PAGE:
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Nonprofit Radio for September 16, 2016: Happy Healthy Nonprofit & Your Job Descriptions

Big Nonprofit Ideas for the Other 95%

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Beth Kanter & Aliza Sherman: Happy Healthy Nonprofit

Beth Kanter & Aliza Sherman at 16NTC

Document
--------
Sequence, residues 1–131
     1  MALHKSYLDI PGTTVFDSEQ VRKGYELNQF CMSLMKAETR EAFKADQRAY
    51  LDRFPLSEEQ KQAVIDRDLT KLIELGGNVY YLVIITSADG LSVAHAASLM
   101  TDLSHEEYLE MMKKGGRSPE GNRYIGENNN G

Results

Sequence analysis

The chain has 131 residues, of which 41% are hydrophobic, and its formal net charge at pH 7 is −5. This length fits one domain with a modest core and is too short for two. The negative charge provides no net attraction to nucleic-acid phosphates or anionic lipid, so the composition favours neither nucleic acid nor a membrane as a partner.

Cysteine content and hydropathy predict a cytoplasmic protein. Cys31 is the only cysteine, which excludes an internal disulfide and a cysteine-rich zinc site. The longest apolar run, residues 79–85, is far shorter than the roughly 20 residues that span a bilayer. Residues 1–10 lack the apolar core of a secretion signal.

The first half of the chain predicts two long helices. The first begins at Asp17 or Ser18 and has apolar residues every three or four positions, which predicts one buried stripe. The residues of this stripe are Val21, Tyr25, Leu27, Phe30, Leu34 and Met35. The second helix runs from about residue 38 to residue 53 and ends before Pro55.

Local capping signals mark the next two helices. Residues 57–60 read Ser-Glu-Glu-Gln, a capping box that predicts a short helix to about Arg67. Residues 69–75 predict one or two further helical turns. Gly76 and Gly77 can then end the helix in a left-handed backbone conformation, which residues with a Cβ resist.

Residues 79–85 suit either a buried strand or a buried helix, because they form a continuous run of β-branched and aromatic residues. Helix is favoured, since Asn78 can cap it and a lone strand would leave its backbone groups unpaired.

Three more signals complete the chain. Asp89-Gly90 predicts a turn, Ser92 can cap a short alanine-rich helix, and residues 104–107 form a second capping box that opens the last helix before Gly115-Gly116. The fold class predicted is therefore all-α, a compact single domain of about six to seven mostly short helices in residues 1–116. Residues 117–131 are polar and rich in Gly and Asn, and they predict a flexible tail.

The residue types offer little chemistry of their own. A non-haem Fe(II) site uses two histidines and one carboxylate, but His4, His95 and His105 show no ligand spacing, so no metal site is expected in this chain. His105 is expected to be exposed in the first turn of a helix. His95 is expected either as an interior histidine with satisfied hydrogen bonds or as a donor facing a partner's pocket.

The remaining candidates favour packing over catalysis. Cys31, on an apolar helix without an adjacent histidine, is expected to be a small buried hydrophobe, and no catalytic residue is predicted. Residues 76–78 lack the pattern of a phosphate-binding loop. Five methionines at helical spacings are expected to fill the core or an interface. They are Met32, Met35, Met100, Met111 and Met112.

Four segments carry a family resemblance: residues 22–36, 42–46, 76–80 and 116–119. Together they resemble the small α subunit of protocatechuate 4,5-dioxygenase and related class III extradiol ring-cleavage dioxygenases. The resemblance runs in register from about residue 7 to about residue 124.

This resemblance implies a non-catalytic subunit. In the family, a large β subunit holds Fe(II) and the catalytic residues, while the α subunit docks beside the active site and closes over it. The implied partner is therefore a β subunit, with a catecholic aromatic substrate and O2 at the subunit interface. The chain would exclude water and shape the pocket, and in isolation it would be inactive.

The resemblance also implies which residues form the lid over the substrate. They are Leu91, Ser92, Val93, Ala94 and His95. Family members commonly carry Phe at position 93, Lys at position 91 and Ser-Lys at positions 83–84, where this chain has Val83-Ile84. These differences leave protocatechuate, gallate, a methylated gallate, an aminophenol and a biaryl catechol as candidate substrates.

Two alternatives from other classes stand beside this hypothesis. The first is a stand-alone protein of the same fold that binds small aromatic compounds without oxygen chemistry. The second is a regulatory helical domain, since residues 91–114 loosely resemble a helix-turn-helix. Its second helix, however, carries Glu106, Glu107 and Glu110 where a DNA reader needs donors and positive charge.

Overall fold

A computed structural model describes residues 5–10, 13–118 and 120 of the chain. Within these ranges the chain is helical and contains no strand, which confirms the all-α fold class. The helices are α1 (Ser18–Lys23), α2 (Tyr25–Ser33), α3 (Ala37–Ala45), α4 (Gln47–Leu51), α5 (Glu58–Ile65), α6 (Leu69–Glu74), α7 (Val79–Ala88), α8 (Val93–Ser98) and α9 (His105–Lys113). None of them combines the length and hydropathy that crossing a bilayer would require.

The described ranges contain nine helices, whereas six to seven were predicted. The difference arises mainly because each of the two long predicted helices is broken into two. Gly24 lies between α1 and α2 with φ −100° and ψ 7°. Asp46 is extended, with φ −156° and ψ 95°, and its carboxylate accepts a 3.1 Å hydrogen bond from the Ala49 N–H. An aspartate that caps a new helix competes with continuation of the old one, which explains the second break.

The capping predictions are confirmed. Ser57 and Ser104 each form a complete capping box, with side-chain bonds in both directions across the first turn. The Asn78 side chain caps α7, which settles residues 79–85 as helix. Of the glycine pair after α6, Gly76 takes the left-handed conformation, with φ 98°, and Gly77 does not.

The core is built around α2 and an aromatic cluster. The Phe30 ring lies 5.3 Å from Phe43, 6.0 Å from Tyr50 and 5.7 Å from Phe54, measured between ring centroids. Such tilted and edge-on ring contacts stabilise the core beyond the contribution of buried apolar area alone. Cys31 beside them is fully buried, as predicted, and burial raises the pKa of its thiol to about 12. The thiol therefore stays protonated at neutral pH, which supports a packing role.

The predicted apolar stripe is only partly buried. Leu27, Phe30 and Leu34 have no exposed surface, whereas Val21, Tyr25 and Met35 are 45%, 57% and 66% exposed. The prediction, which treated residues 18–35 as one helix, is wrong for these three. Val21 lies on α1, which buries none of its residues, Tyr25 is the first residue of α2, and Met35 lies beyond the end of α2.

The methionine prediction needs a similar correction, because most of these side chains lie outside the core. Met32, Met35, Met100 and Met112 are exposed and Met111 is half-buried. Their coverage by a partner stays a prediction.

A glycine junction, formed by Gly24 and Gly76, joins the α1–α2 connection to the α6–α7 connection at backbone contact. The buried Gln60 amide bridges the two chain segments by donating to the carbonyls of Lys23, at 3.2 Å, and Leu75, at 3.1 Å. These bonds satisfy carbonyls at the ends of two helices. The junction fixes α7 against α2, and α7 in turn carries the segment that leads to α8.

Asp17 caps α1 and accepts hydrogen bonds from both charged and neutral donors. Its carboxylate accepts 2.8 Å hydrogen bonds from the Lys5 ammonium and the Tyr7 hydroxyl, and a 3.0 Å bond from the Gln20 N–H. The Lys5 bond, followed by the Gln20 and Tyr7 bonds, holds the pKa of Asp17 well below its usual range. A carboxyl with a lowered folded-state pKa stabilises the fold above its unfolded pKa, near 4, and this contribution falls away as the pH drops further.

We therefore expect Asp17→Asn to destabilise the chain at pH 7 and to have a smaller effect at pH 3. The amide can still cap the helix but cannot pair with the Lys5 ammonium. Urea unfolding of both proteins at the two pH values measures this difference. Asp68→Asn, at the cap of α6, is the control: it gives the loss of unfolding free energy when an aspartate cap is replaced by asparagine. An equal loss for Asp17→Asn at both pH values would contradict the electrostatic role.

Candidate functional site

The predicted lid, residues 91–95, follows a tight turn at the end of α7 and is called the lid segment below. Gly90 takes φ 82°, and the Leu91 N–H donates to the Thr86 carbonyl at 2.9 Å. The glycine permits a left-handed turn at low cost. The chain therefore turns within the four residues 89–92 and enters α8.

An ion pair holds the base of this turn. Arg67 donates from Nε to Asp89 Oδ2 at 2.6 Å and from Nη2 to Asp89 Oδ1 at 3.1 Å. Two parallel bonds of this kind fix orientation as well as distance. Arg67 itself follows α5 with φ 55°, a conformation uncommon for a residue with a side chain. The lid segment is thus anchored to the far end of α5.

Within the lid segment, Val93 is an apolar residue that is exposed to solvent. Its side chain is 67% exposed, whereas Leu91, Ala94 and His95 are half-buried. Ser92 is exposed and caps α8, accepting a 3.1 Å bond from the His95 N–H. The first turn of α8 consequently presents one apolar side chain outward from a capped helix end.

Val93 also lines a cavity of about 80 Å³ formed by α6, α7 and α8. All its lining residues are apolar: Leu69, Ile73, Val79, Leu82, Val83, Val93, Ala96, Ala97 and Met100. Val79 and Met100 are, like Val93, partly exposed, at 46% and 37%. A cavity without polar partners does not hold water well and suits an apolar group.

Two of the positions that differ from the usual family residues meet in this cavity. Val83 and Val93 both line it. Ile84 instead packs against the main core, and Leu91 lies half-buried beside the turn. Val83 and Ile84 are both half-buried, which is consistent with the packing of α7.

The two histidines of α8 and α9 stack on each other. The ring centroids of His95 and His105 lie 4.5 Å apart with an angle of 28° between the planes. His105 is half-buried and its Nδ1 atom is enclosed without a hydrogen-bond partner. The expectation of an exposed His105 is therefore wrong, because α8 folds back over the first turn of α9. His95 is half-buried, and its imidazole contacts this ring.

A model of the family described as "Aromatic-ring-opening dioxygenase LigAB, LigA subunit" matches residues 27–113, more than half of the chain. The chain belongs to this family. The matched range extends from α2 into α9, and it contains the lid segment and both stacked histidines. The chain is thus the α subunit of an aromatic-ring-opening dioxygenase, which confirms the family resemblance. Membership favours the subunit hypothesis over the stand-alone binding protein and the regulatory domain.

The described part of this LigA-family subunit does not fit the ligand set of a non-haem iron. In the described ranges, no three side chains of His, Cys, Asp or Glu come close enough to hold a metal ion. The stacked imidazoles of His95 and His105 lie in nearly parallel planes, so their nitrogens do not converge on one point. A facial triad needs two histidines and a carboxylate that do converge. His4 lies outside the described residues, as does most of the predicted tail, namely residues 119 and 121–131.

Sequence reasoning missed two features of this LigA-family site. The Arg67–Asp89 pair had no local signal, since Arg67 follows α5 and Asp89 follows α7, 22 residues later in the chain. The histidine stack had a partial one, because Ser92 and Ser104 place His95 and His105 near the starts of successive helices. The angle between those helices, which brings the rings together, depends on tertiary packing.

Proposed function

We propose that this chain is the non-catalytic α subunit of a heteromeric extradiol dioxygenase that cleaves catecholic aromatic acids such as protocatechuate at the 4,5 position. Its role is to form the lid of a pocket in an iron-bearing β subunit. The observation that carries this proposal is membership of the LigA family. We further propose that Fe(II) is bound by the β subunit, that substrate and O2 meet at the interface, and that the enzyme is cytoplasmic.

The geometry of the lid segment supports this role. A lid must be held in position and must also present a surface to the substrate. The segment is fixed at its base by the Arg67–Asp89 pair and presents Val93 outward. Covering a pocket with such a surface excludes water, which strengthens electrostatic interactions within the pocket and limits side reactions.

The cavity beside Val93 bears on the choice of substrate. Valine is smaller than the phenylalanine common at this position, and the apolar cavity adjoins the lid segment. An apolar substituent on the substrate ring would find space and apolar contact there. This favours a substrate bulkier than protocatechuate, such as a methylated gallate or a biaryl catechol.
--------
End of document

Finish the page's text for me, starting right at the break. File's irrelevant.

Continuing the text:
Beth Kanter returns with co-author Aliza Sherman and their new book is “The Happy, Healthy Nonprofit.” They urge you to make employee wellbeing as important as organizational performance. We talk through how. (Recorded at the 2016 Nonprofit Technology Conference)



Heather Carpenter: Your Job Descriptions

Heather Carpenter is co-author of the book “The Talent Development Platform” and she’s got advice for your often-rushed-through, lifted-off-the-web job descriptions. (Hint: Stop doing that!) (Originally aired September 25, 2015)